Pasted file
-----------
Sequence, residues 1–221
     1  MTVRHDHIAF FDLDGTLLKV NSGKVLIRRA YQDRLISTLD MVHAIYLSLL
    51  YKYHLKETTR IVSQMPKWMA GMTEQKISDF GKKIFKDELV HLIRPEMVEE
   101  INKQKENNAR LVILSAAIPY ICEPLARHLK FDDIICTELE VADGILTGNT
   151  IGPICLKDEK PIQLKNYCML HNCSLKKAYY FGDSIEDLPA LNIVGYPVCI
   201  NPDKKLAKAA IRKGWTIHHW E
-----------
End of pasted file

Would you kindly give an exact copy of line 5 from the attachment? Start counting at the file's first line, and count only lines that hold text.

   151  IGPICLKDEK PIQLKNYCML HNCSLKKAYY FGDSIEDLPA LNIVGYPVCI